Whitelaw, S, Thabane, L, Mamas, M, Reza, N, Breathett, K, Douglas, P and Van Spall, H (2020) Trial characteristics associated with the underrepresentation of women as lead authors in heart failure clinical trials. Journal of the American College of Cardiology, 76 (17). pp. 1919-1930. ISSN 1558-3597

[thumbnail of Women authorship paper_JACC_2020-08-26.docx] Text
Women authorship paper_JACC_2020-08-26.docx - Accepted Version
Available under License Creative Commons Attribution Non-commercial.

Download (1MB)

Abstract

Background
Clinical trials change practice in cardiology, and leading them requires research training, mentorship, sponsorship, and networking. Women report challenges in obtaining these opportunities.

Objectives
The purpose of this review was to evaluate temporal trends in representation of women as authors in heart failure (HF) randomized controlled trials (RCTs) published in high-impact medical journals and explore RCT characteristics associated with women as lead authors.

Methods
We searched MEDLINE, EMBASE, and CINAHL for HF RCTs published in journals with an impact factor ≥10 between January 1, 2000, and May 7, 2019. We assessed temporal trends in the gender distribution of authors, and used multivariable logistic regression to determine characteristics associated with women as lead authors.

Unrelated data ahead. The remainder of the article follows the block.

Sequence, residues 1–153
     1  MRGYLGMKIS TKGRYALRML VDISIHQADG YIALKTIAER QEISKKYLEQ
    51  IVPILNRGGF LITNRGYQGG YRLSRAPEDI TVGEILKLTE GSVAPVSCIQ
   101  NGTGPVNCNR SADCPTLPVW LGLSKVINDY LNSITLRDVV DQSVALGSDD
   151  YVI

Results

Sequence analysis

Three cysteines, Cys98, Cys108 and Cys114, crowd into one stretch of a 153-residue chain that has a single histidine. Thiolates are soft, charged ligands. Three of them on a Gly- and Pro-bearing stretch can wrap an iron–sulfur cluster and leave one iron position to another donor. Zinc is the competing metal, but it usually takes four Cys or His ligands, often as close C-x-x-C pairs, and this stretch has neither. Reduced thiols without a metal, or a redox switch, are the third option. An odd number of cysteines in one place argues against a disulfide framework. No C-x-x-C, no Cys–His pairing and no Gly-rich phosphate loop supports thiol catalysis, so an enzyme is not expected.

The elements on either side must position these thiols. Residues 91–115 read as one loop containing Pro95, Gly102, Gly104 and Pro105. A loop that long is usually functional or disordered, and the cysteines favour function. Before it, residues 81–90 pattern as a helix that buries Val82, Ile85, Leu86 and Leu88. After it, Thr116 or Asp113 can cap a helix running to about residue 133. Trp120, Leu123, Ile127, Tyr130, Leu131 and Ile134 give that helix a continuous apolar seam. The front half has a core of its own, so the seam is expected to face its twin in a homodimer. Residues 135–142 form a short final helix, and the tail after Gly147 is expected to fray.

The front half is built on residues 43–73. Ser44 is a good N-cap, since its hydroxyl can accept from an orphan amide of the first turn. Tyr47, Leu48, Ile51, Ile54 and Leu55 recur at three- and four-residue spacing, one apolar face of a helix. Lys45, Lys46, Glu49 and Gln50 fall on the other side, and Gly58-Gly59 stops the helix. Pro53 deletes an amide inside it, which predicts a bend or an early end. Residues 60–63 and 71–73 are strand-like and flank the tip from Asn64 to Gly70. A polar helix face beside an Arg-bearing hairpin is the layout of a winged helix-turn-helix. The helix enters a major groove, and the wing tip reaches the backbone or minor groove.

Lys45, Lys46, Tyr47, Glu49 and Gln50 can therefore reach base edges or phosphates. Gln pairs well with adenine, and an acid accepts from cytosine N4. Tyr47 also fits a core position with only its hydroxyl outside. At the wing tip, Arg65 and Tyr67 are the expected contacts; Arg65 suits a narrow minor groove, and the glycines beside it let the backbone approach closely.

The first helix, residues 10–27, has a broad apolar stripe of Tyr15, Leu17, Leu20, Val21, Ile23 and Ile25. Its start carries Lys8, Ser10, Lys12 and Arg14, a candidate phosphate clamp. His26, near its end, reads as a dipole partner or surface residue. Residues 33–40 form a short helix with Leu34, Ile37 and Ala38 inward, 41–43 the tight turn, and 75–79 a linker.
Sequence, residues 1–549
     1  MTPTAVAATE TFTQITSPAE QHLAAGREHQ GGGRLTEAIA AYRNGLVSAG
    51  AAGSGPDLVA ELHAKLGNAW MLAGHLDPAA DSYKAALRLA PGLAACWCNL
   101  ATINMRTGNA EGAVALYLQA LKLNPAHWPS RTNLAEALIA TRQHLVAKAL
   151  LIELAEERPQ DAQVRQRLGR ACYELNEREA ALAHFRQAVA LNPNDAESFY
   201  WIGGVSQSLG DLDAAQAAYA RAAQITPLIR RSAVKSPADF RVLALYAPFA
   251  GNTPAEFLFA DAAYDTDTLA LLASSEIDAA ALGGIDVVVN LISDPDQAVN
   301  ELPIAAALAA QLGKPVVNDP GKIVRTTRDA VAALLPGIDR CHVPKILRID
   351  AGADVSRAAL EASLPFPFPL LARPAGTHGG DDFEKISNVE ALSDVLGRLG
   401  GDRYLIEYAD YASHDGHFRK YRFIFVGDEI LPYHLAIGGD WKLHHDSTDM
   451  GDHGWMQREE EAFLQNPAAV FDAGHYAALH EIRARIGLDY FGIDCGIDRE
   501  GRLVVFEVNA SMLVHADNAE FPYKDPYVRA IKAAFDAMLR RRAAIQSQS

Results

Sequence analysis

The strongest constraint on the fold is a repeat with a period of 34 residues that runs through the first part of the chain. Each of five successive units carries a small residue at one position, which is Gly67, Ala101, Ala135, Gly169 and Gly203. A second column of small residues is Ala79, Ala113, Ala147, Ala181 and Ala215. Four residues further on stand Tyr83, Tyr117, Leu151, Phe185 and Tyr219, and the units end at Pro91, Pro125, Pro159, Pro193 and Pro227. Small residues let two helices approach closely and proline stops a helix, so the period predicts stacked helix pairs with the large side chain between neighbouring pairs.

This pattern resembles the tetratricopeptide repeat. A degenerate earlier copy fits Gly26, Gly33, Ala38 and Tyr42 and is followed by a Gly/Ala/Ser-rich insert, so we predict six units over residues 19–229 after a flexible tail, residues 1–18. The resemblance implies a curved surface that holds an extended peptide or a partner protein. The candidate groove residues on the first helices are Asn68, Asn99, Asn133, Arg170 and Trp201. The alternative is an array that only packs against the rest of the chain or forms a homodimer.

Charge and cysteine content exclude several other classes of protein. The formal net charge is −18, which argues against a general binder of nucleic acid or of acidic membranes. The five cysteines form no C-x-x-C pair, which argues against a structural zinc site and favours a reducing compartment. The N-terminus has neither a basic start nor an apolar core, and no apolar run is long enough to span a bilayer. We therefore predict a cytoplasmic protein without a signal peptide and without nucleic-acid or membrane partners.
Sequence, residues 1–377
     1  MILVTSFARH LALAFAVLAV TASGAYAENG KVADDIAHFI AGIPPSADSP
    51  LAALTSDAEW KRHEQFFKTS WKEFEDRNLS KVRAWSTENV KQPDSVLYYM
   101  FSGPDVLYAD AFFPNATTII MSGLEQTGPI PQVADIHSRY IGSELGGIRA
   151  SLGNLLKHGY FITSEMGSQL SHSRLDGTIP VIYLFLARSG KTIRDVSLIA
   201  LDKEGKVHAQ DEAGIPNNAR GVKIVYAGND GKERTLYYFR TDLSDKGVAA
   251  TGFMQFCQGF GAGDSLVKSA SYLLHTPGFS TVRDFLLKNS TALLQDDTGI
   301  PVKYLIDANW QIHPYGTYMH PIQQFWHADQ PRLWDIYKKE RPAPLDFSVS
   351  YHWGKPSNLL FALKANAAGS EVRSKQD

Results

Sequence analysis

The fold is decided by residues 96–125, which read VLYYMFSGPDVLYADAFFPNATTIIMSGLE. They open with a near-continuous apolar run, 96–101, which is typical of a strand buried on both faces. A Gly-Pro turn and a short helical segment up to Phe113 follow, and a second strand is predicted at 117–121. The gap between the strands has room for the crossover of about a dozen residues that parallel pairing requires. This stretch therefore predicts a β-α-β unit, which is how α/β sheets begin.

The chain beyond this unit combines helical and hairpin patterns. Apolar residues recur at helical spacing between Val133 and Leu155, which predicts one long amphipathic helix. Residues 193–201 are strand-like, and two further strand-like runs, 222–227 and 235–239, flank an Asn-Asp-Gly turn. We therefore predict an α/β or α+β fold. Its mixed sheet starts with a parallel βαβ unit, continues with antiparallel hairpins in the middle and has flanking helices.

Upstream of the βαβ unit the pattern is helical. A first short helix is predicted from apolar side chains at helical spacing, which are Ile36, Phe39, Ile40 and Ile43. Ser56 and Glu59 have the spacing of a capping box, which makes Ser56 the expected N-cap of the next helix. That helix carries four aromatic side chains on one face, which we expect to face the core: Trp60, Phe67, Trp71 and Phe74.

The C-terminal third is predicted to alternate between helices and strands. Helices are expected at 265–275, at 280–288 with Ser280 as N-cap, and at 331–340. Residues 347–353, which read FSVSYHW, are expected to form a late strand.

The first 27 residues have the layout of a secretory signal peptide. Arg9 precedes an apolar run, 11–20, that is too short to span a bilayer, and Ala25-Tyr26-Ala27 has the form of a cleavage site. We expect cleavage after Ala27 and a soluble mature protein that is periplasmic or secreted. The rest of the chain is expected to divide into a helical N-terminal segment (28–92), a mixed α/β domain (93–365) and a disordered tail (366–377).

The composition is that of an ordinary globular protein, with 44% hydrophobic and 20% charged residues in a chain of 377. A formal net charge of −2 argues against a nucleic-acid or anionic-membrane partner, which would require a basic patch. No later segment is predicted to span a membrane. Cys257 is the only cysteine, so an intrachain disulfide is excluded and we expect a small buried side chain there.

Results
We identified 10,596 unique articles, of which 403 RCTs met inclusion criteria. Women represented 15.6% (95% confidence interval [CI]: 12.2% to 19.6%), 12.9% (95% CI: 9.8% to 16.6%), and 11.4% (95% CI: 8.5% to 14.9%) of lead, senior, and corresponding authors, respectively. The proportion of women authors has not changed over time. Women had lower odds of lead authorship in RCTs that were multicenter (odds ratio [OR]: 0.58; 95% CI: 0.18 to 0.96; p = 0.037), were coordinated in North America (OR: 0.21; 95% CI: 0.08 to 0.70; p = 0.011) or Europe (OR: 0.33; 95% CI: 0.09 to 0.91; p = 0.039), tested drug interventions (OR: 0.42; 95% CI: 0.16 to 0.97; p = 0.043), or had men as the senior author (OR: 0.50; 95% CI: 0.21 to 0.93; p = 0.043).

Conclusions
Women are under-represented as authors of HF RCTs, with no change in temporal trends. Women had lower odds of lead authorship in RCTs that were multicenter, were coordinated in North America or Europe, tested drug interventions, or had men as senior authors.

Item Type: Article
Additional Information: The final version of this accepted manuscript will be available directly from the publishers on publication. https://www.sciencedirect.com/science/article/abs/pii/S0735109720364986
Uncontrolled Keywords: Heart failure, randomized controlled trials, authors, gender
Subjects: R Medicine > R Medicine (General)
R Medicine > RA Public aspects of medicine
R Medicine > RC Internal medicine > RC666 Diseases of the circulatory (Cardiovascular) system
Divisions: Faculty of Medicine and Health Sciences > School of Primary, Community and Social Care
Depositing User: Symplectic
Date Deposited: 27 Aug 2020 11:20
Last Modified: 19 Oct 2021 01:30
URI: https://eprints.keele.ac.uk/id/eprint/8595

Actions (login required)

View Item
View Item